Removing Colon Polyps Cuts Death Risk
First Colonoscopy to Clear Colon of Precancerous Polyps Cuts Colon Cancer Death Risk by 90%
Oct. 15, 2007 (Philadelphia) -- An initial colonoscopy during which the
colon is cleared of precancerous polyps significantly reduces deaths from colon
cancer -- even if there are no follow-up exams, researchers report.
In a 20-year study of more than 2,500 people, the risk of dying from
colon cancer was about 90% lower if people underwent both the initial and
follow-up procedures than if they underwent neither.
But over the first 10 years, 90% of that effect was due to the initial exam,
says Ann G. Zauber, PhD, a biostatistician at Memorial Sloan-Kettering Cancer
Center in New York.
Over the next 10 years, 55% of the effect was still due to the initial
“Removing [potentially precancerous growths] has a huge effect on reducing
colon cancer mortality,” Zauber tells WebMD.
“The surveillance colonoscopies had more of an effect in the second decade
than in the first, but the initial procedure still is the major effect,” she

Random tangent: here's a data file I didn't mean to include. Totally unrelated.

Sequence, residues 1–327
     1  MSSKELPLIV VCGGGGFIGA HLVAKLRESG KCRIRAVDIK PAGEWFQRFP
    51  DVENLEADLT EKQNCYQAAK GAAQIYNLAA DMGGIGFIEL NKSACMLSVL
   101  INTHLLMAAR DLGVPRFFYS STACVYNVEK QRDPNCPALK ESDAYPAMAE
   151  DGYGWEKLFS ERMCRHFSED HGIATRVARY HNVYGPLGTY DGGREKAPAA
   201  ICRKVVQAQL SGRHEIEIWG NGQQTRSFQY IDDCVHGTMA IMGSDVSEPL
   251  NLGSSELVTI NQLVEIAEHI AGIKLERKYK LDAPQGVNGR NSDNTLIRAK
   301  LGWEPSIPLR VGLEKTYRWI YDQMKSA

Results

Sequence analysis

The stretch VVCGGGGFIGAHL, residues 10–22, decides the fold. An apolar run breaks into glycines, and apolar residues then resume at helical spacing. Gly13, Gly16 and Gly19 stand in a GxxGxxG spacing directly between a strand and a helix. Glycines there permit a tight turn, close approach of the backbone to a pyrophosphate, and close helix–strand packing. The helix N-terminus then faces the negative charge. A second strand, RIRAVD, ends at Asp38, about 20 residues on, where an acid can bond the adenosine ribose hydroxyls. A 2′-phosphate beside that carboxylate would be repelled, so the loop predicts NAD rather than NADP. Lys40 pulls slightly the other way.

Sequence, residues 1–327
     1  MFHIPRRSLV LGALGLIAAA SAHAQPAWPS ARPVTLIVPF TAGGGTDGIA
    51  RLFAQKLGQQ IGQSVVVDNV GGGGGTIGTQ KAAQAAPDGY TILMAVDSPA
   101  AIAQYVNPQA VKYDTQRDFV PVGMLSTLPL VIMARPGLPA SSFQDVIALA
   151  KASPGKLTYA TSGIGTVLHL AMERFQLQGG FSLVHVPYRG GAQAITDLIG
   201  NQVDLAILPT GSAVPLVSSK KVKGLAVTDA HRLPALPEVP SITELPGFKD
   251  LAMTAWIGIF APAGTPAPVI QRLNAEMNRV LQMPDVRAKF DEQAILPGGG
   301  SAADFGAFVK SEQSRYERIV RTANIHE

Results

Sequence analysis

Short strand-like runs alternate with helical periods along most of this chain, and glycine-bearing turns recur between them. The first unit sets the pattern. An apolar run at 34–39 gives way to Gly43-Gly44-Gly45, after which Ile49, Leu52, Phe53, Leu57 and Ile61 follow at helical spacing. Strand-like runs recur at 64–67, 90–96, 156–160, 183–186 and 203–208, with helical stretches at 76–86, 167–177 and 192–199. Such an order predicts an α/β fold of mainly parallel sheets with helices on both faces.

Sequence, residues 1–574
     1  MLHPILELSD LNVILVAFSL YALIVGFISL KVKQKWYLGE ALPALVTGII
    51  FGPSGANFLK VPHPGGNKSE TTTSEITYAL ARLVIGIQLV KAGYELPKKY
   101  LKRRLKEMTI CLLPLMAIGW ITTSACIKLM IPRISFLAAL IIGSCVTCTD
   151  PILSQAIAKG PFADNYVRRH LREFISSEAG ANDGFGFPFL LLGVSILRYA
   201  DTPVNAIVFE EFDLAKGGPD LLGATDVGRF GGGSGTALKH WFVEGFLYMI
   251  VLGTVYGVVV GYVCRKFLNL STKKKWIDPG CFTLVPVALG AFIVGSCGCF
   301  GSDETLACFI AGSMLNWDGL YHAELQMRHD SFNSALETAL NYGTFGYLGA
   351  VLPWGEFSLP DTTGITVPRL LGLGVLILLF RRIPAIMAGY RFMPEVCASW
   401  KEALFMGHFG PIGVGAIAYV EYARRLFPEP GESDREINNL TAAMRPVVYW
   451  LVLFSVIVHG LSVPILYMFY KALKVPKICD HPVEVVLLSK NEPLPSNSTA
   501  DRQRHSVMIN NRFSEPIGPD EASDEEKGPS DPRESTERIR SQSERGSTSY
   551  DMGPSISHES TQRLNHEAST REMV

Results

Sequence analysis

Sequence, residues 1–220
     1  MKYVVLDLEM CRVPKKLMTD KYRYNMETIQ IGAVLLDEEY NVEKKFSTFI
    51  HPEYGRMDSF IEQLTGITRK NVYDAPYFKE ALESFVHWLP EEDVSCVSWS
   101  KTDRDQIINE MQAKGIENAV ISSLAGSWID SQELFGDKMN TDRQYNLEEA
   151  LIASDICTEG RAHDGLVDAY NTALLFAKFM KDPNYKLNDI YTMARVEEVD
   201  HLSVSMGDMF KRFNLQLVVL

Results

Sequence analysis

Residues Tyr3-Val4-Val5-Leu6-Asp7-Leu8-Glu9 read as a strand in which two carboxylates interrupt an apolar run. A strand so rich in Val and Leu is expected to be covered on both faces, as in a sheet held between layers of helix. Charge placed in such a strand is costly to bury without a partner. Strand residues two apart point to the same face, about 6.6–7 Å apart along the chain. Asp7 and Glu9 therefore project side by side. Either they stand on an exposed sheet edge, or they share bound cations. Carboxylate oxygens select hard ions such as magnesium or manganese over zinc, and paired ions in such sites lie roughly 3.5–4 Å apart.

The findings were presented at the annual meeting of the American College of
Colonoscopy Plus Polyp Removal Cuts Colon Cancer Deaths
The researchers analyzed data on 2,602 men and women in the National Polyp
Study, the landmark trial that showed that an initial colonoscopy during which
the colon is cleared of precancerous polyps with regular follow-up exams
significantly cut the risk of developing colon cancer by up 90% and of dying
from the cancer by up to 92%.
Using sophisticated mathematical modeling, they found that:
- Failing to do a colonoscopy and remove precancerous polyps is associated
with a 5.5% risk of death over 20 years.
- Doing only an initial exam with removal of precancerous polyps is
associated with a 2.5% risk of death over 20 years.
- Doing both an initial exam to remove precancerous polyps and follow-up
exams is associated with less than a 1% risk of death over 20 years.
ACG President David A. Johnson, MD, a gastroenterologist at Eastern Virginia
Medical School in Norfolk, tells WebMD that the findings could influence
guidelines, lengthening the time between exams for people who have had polyps
removed to six years or more. Recommendations now call for a follow-up
colonoscopy in three to five years.
“Once you clear the colon, maybe you can wait a longer time depending on
risk. That first removal of polyps is the time when you make the biggest impact
on risk for colon cancer incidence and colon cancer death,” Johnson says.